Freedom from Controlling comes from giving up on the internal fight, to stop trying to manage everything, to stop trying to please the PP, & by staying out of whatever is none of our business!
self-fight✶ This does NOT mean being lazy, withholding or paralyzed.
• Rather – it comes from knowing that even in times of discomfort our inner foundation is built on solid ground – a support system made up of our Loving Inner Parent, the Higher Power & respectful / kind people.

• Being comfortable in our skin includes allowing OTHERS to be themselves, & letting many circumstances be – just as they are. There’s a time to act & a time to be still. The Serenity Prayer tells us:
✳️ Change what you can right now, & Accept what you can’t change at all, what’s not yet possible, or is not yet the right time.

NEXT: Letting Go of C. –  Part 2

7 thoughts on “Letting GO of ACTING Controlling (Part 1)

  1. “Practice: Pick one thing you feel a definite need to control, and then DON’T make any effort what-so-ever to exert your will over the situation the next time around. Allow yourself to just watch the external experience unfold completely on its own, without any help from you. As you observe, notice you thoughts & emotions.”

    This made me chuckle in a scared sort of way 😉 I know there are many things I have given up controlling, and that there are still some to go. My response to the above let me know that I am still protecting myself in this area.

    Thank you.

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  2. Thanks for the post. This is a good topic.

    I’m struggling mightily with this part of ACA right now. I received a letter from an ex that i didn’t respond to, because I was not sure I should. I’m not sure whether I’m being controlling by not responding or just letting go. Some friends have suggested over the past couple of weeks that I call her, but I’m unsure what thit will bring about.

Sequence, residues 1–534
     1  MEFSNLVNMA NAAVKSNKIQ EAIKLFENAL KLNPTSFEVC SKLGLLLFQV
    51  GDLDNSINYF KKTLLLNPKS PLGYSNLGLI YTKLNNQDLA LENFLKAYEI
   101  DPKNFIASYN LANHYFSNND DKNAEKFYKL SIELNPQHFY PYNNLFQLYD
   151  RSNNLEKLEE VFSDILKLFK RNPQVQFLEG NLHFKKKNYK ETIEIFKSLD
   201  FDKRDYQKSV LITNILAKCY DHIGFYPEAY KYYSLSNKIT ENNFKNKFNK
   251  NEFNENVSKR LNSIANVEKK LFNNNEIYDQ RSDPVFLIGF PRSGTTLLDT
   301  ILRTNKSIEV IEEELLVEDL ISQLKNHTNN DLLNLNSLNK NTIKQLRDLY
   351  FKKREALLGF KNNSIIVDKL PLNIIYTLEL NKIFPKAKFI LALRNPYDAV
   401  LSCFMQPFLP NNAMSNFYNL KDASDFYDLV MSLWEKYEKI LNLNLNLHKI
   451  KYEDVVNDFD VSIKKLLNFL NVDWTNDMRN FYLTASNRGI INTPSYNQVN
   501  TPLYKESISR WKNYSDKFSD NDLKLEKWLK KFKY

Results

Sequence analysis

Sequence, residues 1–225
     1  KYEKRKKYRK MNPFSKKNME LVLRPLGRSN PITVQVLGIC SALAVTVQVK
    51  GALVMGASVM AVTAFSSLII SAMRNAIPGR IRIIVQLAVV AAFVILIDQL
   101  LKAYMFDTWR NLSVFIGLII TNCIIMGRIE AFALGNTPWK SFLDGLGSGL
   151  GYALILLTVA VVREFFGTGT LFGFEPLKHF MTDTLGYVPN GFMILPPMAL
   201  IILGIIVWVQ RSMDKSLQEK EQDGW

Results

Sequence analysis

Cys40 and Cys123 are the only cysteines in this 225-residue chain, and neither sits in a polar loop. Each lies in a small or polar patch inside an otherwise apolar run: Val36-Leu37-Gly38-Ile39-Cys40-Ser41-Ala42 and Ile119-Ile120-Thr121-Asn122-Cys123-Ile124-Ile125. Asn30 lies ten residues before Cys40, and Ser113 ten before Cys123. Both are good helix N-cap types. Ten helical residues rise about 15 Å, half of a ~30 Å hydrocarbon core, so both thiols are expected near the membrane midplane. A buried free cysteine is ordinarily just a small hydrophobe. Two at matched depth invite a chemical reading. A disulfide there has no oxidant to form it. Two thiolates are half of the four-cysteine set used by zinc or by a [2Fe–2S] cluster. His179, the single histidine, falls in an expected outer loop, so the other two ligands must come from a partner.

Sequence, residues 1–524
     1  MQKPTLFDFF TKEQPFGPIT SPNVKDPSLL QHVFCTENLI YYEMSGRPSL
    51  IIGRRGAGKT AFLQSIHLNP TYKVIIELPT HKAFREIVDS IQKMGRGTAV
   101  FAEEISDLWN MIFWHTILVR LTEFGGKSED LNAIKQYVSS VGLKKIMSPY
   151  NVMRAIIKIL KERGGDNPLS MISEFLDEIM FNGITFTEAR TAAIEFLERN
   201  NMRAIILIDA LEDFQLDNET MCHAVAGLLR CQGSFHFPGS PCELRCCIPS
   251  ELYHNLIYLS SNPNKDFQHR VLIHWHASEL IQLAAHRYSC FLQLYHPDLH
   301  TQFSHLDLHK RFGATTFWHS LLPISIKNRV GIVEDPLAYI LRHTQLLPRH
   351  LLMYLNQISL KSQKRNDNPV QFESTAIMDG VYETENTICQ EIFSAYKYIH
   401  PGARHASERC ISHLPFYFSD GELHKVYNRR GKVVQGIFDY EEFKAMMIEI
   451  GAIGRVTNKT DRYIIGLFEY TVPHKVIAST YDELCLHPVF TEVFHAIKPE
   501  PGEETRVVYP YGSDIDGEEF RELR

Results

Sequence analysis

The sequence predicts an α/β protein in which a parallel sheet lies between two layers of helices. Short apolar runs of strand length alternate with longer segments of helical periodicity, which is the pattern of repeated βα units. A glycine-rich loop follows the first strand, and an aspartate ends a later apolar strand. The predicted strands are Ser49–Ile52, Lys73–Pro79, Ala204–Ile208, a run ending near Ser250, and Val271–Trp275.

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    • M, Balancing between those 2 opposites is what it’s all about. My questions (to myself) are ‘”What works best for my recovery?” & “How can I best protect my Inner Child in this situation?” Using my gut also helps.

      I was once accused of being passive-aggressive by a soon-to-be-ex-friend because I wouldn’t engage in any further ‘discussions’, I assume because she was feeling abandoned. For me it was about not rehashing old issues & saying things that would hurt her more, but also that I was done with the relationship that had hurt me.

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  3. Donna, I’m so glad I found your site! I also write about the harms of excessive control and how to let it go and enjoy the gifts that follow. It is so true, as you say, that being controlling is a betrayal of oneself. When we focus intently on trying to change or control others, the focus is necessarily off ourselves and what we need to do–and change–in order to improve our lives emotionally, spiritually–and even financially. I have found that one of the best ways in which to let go of control is to address and process our fears. When we fear less, we control less. I also agree that it is a gradual process, but one that increases as we experience the benefits of “losing” control.

    Danny
    http://www.losingcontrolfindingserenity.com